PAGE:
Those looking to get into 2D game development with Unity would be well served to check out Packt’s new Unity 2D Game Development Cookbook by Claudio Scolastici. The Unity game engine is an increasingly popular and versatile development tool for indie game developers. While Unity is a capable 3D utility, it is also a powerful 2D solution. The Unity 2D Game Development Cookbook serves as a useful reference guide to game creation with over 50 common “recipes” that will be used over and over again when making games.
Unity Technologies released its fifth iteration of the game engine, on 3 March, 2015, and that is not really addressed in the Unity 2D Game Development Cookbook, but most of the updates in Unity 5.0 are also not particularly relevant to simple 2D game design. Since it’s a “cookbook” it’s not necessary to read the book from front to back, unless you’re building the sample project. Each of the chapters can be referenced individually, by those looking for a little more insight into particular tasks or elements of the Unity game engine. That being said, beginners shouldn’t be intimidated, as the book is fairly thorough in its explanations.
The Unity 2D Game Development Cookbook starts off with a preface covering the most basic of tasks, creating a new project in Unity. From there, the first chapter covers importing models and their animations. The author’s modeling program of choice is Autodesk’s Maya and the first half of the chapter provides some instruction on the program. While it would have been nice to see some other 3D programs covered, there are plenty of other books that give more in-depth instruction on each of those software options. Once you get a supported model into Unity, it’s all pretty similar anyway.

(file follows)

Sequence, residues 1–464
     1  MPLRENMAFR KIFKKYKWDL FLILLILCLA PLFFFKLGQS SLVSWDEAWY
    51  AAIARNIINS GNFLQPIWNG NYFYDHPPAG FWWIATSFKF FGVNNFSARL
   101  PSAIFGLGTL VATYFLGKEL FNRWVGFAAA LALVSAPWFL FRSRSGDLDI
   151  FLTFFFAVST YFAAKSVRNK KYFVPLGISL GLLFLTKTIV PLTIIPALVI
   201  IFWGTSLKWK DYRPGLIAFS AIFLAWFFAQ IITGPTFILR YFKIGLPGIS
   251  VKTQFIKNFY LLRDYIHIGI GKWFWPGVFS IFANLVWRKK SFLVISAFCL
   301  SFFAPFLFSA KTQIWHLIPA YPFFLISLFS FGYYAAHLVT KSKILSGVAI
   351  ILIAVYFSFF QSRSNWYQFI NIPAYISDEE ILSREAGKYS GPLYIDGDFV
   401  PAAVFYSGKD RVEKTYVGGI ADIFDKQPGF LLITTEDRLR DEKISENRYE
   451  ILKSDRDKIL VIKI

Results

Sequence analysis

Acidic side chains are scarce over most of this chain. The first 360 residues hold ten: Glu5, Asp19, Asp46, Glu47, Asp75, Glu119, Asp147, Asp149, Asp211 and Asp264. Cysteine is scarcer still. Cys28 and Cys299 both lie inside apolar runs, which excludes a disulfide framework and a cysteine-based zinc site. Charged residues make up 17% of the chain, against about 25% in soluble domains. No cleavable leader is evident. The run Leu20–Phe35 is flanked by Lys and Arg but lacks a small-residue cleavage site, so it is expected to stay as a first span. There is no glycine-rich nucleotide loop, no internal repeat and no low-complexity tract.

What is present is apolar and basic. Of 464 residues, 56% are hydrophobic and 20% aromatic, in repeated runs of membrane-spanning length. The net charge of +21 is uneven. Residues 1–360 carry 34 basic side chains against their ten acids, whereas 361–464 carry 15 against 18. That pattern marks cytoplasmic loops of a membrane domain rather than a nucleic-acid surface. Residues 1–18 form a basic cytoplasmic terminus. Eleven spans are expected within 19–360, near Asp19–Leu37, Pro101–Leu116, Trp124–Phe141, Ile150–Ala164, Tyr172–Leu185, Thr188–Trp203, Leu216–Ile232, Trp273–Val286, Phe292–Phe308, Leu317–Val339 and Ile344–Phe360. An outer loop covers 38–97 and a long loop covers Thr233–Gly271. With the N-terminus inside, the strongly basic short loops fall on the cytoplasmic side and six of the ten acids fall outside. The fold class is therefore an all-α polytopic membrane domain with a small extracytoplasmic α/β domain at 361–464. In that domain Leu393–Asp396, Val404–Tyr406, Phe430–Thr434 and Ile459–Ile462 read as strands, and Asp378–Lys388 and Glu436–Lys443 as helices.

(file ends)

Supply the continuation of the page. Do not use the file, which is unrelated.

Even though the first chapter covers 3D models and animations, the theme of the book is 2D game development, and that’s what the second chapter gets into. Actually, both the second and third chapters cover importing and animating 2D assets. Again the author references Maya, but the information on materials is fairly generic. Though most of the tasks in the second and third chapters are handled in the Unity program itself, Chapter Two does introduce C# scripting. It’s all in small bites though, and even non-coders should be able to follow along.
From Chapter Four on, the mix is about half work in the inspector and half writing scripts to make those objects do what you want. You can of course download the scripts from Packt’s website. Chapters Four through Seven cover subjects like building levels and graphical user interfaces, controlling audio and video, creating a character controller, and managing game scenes. The final chapter is all about sprites, or the 2D images that are animated in 2D games.
Claudio Scolastici’s Unity 2D Game Development Cookbook runs 256 pages and covers all of the basics in 2D game design. It’s probably best suited for those new to 2D game design with Unity, but even those with more experience might find some useful nuggets in the fairly thorough explanations Scolastici provides. Where other books might provide specific instruction of how to do more things, this cookbook is more of a reference manual. Unlike Unity’s online manual, this cookbook provides actual examples of how the game engine’s features can be used.
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